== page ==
The best people to ask for recommendations are your colleagues. They would be well-acquainted with the area and know the places for the most value-for-money meals.
Alternatively, you can also save money by bringing your own lunch. It can be a simple dish you whipped up the night before or leftover dinner. Packing your own lunch also saves you time and keeps you away from the maddening lunchtime crowd.
When you want to reward yourself with a good hearty meal at restaurants/ cafes/ bistros, look out for set lunch promotions or even student discounts (remember to bring your student card). For off-peak discounts, you can use mobile apps like Eatigo, Offpeak, and The Entertainer to get great offers.
- Use cashback/discounts available on cashless payment methods.
- Have breakfast at home before going to work.
Whether it is your morning coffee routine or afternoon caffeine perk – one does not question the importance of coffee in the daily routine of CBD employees.
Most drinks at cafes costs over $5, which will destroy your wallet since you will likely be getting your caffeine fix regularly. Look for a coffee stall you trust at the nearest hawker centre or coffee shops to get a cuppa for less than $2. Stalls like Fun Tea and Local Coffee People are also affordable options.
Read Also: Why Does Iced Coffee Always Cost More?
To save even more, take full advantage of your office pantry, which might be stocked up with anything from 3-in-1 coffee packets to Nespresso coffee machines. Otherwise, bring your own coffee sachets and enjoy the same convenience and cost-savings.
- Bring your own water bottle/mug so that you don’t have to spend unnecessarily on mineral water.
Dragging yourself out of bed in the morning isn’t the easiest thing to do everyday. Neither is squeezing with the peak hour crowd on packed trains. But it is the most cost-friendly way to get to work in the CBD.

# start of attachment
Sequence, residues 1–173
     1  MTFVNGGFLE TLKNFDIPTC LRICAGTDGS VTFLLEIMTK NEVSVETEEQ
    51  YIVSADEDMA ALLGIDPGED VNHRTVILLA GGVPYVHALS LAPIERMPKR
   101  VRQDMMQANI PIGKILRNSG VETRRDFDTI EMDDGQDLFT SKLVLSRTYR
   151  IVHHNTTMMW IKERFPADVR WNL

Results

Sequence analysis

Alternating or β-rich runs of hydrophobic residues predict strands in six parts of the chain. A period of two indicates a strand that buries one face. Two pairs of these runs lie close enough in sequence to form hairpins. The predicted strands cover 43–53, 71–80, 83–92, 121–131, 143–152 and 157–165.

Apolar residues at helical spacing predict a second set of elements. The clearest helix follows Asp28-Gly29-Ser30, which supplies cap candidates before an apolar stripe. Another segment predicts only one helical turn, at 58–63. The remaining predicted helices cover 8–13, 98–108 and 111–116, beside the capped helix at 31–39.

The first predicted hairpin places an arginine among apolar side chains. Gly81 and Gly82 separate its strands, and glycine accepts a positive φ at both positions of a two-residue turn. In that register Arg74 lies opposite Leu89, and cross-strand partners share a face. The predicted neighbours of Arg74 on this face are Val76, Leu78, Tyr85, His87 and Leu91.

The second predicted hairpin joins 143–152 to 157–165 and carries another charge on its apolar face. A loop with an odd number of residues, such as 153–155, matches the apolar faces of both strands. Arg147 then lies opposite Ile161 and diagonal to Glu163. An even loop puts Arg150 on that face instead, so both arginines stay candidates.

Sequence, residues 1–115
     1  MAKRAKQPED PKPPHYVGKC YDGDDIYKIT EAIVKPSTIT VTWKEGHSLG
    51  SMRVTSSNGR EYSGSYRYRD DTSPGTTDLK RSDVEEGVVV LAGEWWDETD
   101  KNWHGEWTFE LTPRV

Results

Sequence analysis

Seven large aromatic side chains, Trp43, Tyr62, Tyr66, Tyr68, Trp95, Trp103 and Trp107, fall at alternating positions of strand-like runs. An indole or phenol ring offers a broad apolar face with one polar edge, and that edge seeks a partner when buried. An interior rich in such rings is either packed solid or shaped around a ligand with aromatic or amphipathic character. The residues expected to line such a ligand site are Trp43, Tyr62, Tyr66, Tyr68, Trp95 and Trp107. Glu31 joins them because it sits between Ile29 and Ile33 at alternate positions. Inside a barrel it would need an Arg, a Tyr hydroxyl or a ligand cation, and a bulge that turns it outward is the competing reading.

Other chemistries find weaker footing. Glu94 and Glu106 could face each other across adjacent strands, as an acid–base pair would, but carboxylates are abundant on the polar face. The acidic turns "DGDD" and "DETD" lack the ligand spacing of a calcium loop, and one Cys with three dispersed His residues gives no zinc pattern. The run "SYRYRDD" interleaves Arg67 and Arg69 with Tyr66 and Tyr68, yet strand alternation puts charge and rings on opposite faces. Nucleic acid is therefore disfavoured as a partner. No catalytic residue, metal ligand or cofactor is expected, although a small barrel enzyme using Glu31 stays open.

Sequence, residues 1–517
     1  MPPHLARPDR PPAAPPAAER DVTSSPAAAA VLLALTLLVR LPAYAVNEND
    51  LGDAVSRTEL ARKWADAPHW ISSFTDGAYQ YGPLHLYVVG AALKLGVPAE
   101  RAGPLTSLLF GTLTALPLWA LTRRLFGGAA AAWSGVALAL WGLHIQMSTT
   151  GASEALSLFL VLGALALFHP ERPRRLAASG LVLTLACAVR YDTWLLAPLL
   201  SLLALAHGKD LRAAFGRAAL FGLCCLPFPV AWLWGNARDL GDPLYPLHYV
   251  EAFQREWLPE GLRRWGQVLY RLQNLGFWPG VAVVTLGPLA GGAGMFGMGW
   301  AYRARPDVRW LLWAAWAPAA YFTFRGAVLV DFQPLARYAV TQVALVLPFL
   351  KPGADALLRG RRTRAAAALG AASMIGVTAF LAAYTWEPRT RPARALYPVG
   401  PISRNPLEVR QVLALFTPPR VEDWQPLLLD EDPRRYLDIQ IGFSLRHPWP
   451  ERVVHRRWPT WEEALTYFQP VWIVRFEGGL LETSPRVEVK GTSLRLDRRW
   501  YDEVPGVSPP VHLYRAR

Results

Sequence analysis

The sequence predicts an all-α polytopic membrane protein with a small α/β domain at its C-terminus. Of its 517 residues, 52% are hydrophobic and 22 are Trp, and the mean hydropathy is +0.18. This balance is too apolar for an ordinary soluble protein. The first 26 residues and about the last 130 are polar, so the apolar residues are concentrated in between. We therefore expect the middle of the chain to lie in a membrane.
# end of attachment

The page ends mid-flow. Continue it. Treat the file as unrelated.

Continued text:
Since you will be travelling to work daily, you should do the math and see if you can save money by applying for an undergraduate concession pass. Here’s the breakdown on tertiary concessions from TransitLink:
|Bus||Unlimited travel on basic bus services||$52|
|Train||Unlimited travel on train rides||$45|
|Hybrid (Bus + Train)||Unlimited travel on both buses and trains||$85|
If concession passes are not be cheaper for you, you could still take advantage of off-peak discount by waking up slightly earlier. There is a discount of 50 cents (or the fare for the rail leg of the trip – whichever is lower) when commuters tap into any MRT/LRT station before 7.45am, regardless of entry and exit station.
In contrast, waking up late and needing to rush to the office on taxis or Grab is extremely costly. With CBD and ERP surcharges, your ride can easily cost you over $20. Sleep in at your own peril.
Don’t Underestimate Daily Cost Savings
Internships are a great way for students to get a taste of the working life while earning some extra pocket money during the holidays. However, working comes with daily expenses that are too often overlooked.
It is not uncommon to observe interns spending their money without much thought until the monthly bill comes in. Small savings daily add up. By applying the tips shared in this article and being mindful of your finances, you’ll be able to survive and thrive as a budget intern!